That March morning, when I was lying in bed planning how to end my life, it would have been impossible for you to convince me that my children needed
me as their mom. In the depths of my being, I knew that I could never be the mom they deserved and that their lives would be better off without me in them. I believed my existence was harmful to them, and I didn’t want to hurt them anymore. Now that I have gone through hundreds of hours of therapy, tons of personal growth, and am medicated, I know those thoughts were my mental illness, not reality talking.
During that period, I felt helpless and hopeless. I had tried to get help countless times. I was confident that I would never feel any better and that things would only worsen. For over 20 years, no one could help me, and I didn’t think anyone would be able to help me. I knew I was getting worse. I struggled to get out of bed, much less feeling like I could accomplish anything significant. I needed help with so much but didn’t want to ask for help. I didn’t want people to worry about me or go out of their way to do things for me. I felt like I was a burden to the people around me, and my inability to function added so much to their already full plates.
Let’s go back to my statement that suicide feels selfless in that moment. I believed that my children would be BETTER without me. I thought that I was harming them by existing. I believed that others were being inconvenienced by my inability to care for myself. I believed that I made life more difficult for everyone else. I believed that I would never get better. I had no hope. So, if all of those things were true, wouldn’t it be selfish of me to keep living? Wouldn’t I give my kids a chance to live better lives? Wouldn’t I be taking burdens away from people I loved and making their lives easier? And, since I knew things would never change, ending my life sooner would mean less suffering for my loved ones.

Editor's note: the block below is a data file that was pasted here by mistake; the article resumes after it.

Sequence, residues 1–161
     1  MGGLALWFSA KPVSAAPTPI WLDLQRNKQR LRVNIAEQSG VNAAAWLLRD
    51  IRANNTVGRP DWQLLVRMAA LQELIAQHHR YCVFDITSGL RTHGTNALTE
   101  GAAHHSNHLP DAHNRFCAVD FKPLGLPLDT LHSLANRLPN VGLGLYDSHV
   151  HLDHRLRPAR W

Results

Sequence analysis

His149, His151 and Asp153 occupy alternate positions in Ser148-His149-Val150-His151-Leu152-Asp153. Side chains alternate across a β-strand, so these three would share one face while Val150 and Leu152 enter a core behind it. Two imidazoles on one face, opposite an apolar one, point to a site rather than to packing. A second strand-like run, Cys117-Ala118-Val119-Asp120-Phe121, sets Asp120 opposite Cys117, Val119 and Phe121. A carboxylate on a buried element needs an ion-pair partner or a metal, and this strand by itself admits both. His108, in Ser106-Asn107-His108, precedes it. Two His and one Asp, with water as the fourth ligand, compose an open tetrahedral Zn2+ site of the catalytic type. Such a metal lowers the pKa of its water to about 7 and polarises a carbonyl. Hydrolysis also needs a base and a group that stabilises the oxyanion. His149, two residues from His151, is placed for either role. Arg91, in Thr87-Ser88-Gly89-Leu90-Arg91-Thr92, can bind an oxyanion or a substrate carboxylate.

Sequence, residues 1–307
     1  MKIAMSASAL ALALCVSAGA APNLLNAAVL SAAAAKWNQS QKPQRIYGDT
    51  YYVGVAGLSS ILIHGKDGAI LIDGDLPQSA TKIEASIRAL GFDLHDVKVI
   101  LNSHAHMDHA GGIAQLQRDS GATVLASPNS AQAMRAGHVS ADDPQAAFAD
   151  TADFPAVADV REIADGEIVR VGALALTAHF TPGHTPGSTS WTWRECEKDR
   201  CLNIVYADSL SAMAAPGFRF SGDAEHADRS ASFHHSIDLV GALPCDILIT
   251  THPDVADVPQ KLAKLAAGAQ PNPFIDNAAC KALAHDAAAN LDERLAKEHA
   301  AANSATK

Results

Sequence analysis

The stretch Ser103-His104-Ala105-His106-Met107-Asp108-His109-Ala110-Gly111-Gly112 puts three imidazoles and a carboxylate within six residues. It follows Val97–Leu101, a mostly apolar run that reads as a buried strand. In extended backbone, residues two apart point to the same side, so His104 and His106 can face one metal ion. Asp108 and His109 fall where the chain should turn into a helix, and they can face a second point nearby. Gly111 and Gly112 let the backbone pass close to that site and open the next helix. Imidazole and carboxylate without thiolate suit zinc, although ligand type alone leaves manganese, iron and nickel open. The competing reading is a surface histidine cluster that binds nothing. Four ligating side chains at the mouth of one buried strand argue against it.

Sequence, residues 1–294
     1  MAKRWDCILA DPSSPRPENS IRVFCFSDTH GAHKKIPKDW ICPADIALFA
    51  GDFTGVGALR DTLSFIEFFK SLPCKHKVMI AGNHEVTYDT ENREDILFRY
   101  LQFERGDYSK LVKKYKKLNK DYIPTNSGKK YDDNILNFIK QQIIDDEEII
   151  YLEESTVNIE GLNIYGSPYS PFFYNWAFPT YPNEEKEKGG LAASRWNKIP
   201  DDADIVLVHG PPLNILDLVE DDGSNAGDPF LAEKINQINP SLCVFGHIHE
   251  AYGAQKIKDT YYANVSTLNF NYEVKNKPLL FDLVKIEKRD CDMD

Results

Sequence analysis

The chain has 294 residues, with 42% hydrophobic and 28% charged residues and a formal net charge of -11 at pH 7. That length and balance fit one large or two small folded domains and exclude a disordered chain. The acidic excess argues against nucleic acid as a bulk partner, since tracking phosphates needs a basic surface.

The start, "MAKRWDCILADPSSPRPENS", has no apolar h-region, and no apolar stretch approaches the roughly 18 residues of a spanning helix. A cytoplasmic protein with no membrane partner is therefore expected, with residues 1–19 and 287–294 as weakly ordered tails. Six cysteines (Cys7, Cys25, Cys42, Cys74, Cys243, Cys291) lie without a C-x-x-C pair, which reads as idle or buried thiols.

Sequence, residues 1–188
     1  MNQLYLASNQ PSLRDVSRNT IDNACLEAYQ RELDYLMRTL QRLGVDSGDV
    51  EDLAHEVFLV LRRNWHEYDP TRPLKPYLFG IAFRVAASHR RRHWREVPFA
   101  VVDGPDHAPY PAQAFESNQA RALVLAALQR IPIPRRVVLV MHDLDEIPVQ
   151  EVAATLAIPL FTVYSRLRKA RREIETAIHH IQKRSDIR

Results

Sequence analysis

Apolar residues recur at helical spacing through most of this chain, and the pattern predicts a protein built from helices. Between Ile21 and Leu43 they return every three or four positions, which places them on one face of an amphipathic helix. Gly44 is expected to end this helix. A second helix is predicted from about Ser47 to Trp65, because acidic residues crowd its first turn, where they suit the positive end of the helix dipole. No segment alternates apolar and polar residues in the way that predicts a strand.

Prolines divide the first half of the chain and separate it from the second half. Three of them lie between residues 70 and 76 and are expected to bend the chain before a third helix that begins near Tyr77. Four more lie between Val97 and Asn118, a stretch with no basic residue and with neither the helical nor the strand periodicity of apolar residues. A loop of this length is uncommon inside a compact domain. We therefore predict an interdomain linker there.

Now I am on the other side and know that none of those things are really true. Yet, I believed them to the core of my being in those moments. And if I knew those things were true, it would make sense that suicide felt like the best choice for everyone, not just myself. Now, I am so grateful I tried one more time to get help because the truth is that my kids need me. I am not a burden. I know that the people who love me don’t mind helping me; they want to because they want me to succeed. I can see that I am not helpless. I am hopeful and excited about what the future holds. It took nearly dying from bipolar for me to learn all of this. Medication and therapy healed me so I could see how valuable my life is; without them, there is no doubt that I would be dead today.
The world is better with me in it, just like it’s better with you in it. And this is why we need to keep talking about mental health. Mental illness isn’t easy to see from the outside and can be fatal without treatment. Finding affordable treatment can be difficult without insurance or significant financial resources to pay for care out of pocket. We need to work together as a society to ensure that our communities have accessible and comprehensive mental health care. I challenge you to go out and talk openly and honestly with someone about mental health. I encourage you to find ways you can help your community. The Mental Health America website is a great place to find resources, ways to help, and information about policies and lawmakers to contact to impact change. I won’t stop talking until everyone has access to mental health care because it saves lives, and every life is invaluable.